Comparing with the 2013 attack over the Westgate mall, the reason Al-Shabaab have presented now seems meaningless, given that the DusitD2 hotel complex is part of the Thai hospitality company Dusit International’s, and the victims were mainly Kenyan citizens. This is not the first time the group is presenting unsustainable reasons for the public opinion for their actions. Hence, for the attack over the Westgate mall, the leader at that time said that the action was a consequence of an order received from Al-Qaida to oppose the Crusade launched by Christians.

Why Kenya?

Al-Shabaab started to attack targets outside the Somali territory in 2007, and the first attack on the Kenyan territory took place in 2008. The Nairobi government responded with force to this challenge, by launching an offensive in 2011, in the South area of Somalia’s territory, in order to create a buffer zone to prevent terrorist elements’ infiltration on the Kenyan territory. In the following year (2012), Kenya joined the African Union Mission in Somalia (AMISOM).

Hence, the first reason why Kenya is Al-Shabaab’s target is connected with the entry/invasion of the Kenyan armed forces on the Somali territory and the participation to AMISOM.

The second reason is related to costs-benefits. Kenya has a quite free media with an international visibility (comparing with other East African states), which can easily make public Al-Shabaab’s “accomplishments”. With this exposure, Al-Shabaab aims to attract funds and human resources. Another reason could be that part of Al-Shabaab’s members (some from the highest level) are Kenyans and know pretty well the local conditions.

Also, it could be connected to the opportunities offered by the lack of a solid governance and the current corruption in the local administration. The last reason is the still high porosity of the 680 km length border between Somalia and Kenya.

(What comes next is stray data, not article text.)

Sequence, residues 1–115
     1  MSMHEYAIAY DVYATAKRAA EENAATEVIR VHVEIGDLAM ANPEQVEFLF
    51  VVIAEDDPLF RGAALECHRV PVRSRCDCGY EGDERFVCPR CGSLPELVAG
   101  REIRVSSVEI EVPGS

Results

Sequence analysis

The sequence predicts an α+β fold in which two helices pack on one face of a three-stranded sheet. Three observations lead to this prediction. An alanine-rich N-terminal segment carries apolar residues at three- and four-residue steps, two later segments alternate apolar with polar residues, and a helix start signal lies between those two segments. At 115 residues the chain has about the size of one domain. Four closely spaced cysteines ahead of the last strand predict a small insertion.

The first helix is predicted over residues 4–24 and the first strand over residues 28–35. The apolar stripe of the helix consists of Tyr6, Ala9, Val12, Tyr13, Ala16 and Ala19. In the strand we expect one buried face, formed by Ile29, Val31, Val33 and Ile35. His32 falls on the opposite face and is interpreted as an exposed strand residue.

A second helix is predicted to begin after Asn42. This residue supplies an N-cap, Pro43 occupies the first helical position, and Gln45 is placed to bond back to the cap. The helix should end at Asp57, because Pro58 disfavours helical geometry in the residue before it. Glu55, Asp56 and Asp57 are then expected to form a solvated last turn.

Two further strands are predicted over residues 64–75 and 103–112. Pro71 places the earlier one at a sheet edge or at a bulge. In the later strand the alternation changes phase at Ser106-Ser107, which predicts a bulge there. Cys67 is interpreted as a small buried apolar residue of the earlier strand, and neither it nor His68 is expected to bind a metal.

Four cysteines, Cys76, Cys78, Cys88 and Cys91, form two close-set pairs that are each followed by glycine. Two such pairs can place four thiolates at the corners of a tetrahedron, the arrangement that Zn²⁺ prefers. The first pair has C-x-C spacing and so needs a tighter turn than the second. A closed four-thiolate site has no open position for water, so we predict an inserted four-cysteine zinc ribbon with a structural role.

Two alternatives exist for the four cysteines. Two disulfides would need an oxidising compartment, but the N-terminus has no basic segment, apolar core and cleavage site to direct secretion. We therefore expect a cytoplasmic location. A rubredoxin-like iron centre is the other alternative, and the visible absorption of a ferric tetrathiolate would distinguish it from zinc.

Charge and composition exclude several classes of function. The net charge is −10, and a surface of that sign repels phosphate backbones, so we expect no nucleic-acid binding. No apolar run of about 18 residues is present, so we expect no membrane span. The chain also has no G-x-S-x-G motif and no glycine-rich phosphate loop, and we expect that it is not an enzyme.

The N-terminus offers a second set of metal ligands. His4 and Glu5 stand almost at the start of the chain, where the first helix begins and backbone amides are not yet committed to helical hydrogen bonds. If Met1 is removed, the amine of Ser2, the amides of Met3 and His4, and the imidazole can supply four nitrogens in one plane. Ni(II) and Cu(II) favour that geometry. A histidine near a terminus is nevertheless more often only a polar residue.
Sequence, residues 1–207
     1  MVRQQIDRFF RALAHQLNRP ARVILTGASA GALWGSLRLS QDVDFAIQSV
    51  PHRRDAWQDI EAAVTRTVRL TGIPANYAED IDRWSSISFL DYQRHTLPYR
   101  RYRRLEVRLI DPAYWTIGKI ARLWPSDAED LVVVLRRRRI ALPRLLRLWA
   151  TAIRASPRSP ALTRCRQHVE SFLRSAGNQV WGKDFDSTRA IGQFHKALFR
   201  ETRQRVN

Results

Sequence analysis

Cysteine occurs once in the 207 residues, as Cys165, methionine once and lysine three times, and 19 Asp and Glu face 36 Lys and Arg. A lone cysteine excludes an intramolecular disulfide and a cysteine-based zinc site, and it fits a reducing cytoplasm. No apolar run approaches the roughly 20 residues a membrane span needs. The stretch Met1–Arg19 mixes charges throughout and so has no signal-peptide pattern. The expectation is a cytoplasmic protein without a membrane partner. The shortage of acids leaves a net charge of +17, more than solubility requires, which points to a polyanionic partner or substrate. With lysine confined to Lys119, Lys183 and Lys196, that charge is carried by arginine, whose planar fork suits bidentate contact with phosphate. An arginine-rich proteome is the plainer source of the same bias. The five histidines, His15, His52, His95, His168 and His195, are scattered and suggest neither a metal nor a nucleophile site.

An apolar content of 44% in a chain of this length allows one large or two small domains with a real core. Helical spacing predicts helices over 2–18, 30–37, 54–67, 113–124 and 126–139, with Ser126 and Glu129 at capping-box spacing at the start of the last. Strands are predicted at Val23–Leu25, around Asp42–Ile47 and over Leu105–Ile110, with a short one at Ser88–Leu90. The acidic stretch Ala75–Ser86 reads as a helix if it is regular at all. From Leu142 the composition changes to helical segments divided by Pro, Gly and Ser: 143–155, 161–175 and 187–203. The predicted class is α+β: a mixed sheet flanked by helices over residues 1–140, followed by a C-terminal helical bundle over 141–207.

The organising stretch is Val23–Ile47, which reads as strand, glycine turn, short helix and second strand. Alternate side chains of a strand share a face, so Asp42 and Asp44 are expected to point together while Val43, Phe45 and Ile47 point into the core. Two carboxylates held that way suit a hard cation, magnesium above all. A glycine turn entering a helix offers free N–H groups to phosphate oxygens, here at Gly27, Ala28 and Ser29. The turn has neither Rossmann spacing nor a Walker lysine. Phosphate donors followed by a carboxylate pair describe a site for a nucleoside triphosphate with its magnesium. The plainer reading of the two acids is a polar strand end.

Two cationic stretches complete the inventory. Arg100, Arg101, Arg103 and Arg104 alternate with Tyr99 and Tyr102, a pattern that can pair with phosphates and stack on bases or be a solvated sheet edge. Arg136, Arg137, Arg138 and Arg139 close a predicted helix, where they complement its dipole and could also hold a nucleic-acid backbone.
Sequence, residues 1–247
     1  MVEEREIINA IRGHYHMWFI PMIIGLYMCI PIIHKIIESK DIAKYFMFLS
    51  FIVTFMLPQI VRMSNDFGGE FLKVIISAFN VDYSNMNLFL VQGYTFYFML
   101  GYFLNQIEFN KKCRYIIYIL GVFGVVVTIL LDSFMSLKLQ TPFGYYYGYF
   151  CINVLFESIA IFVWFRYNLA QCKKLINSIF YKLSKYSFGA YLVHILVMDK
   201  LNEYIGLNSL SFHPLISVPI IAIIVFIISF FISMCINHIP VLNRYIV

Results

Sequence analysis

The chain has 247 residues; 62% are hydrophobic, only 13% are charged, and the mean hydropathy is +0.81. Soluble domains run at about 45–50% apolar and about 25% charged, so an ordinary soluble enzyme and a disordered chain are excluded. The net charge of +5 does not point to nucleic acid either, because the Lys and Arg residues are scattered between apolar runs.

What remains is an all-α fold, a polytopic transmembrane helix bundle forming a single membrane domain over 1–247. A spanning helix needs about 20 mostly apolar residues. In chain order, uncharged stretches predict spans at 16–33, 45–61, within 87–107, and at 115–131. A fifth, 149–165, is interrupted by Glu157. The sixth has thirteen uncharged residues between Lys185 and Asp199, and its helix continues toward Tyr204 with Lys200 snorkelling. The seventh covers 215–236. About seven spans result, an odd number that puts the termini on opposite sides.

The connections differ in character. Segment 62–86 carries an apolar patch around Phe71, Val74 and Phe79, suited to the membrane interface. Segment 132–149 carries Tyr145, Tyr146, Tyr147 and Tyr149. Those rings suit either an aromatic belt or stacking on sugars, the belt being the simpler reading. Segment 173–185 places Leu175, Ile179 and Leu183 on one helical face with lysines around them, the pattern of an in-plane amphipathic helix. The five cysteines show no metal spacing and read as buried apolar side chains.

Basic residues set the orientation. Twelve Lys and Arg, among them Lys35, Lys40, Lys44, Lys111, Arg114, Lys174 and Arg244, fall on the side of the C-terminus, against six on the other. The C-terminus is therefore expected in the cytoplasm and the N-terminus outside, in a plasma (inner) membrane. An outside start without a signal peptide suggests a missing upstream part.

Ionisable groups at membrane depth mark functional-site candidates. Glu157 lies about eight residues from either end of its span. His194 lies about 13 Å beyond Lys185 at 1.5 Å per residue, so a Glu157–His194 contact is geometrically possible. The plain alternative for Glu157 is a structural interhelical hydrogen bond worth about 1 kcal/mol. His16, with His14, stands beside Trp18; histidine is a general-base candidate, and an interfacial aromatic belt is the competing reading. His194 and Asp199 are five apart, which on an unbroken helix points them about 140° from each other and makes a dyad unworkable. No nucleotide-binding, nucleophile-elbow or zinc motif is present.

Kenya’s options

Firstly, the Kenyan authorities must void the past mistakes, materialized through force actions and mass arrests among the Muslim population and the Somali ethnics. Such actions have degraded the security situation in Kenya even more.

A second option could be to strengthening border’s control, fortified with the exposure of Kenyan state’s actions capacities and the intensification of Al-Shabaab’s combat actions across the AMISOM mission.

Lastly, Kenya must re-evaluate its political and military role in Somalia, because regardless of its efforts it cannot defeat Al-Shabaab without the support of the Somali Federal Government.


The sad truth is that coordinated and complex attacks, executed by strongly motivated attackers over some “easy” targets are truly difficult to predict and combat, regardless of the training level and security forces’ equipment. By its nature, the “easy” targets are touristic and commercial objectives, dedicated to relaxation. This is asking for discrete prevention and combat measures of terrorism, which are not always to efficient.

From this point of view, the tourism industry was and will continue to be one of the things to attract attackers.

Despite the official reason, with this attack, the Al-Shabaab group wanted to show its operational and logistic capabilities against its rival group, the Islamic State in Somalia, that they have “declared war” on (December 2018).

At the same time, with this exposure and calling on Jerusalem’s recognition at Israel’s capital, Al-Shabaab wants, first of all, to attract funds from the supporters of the Islamic direction, given that the last funding received from Al-Qaida was in 2015.

From the operational point of view, it can be estimated that the actions taken after the 2013 attack, the Kenyan authorities have improve the combating terrorism capabilities. The intervention of the special forces across the police was quicker, it was initially focused on evacuating people to reduce the human loses and then on identifying and eliminating the attackers.  Of course, the total time of the intervention until declaring the hotel complex ”clean” remained high, which allow to state that the effort made by the Kenyan authorities to prevent and combat terrorism must be continued.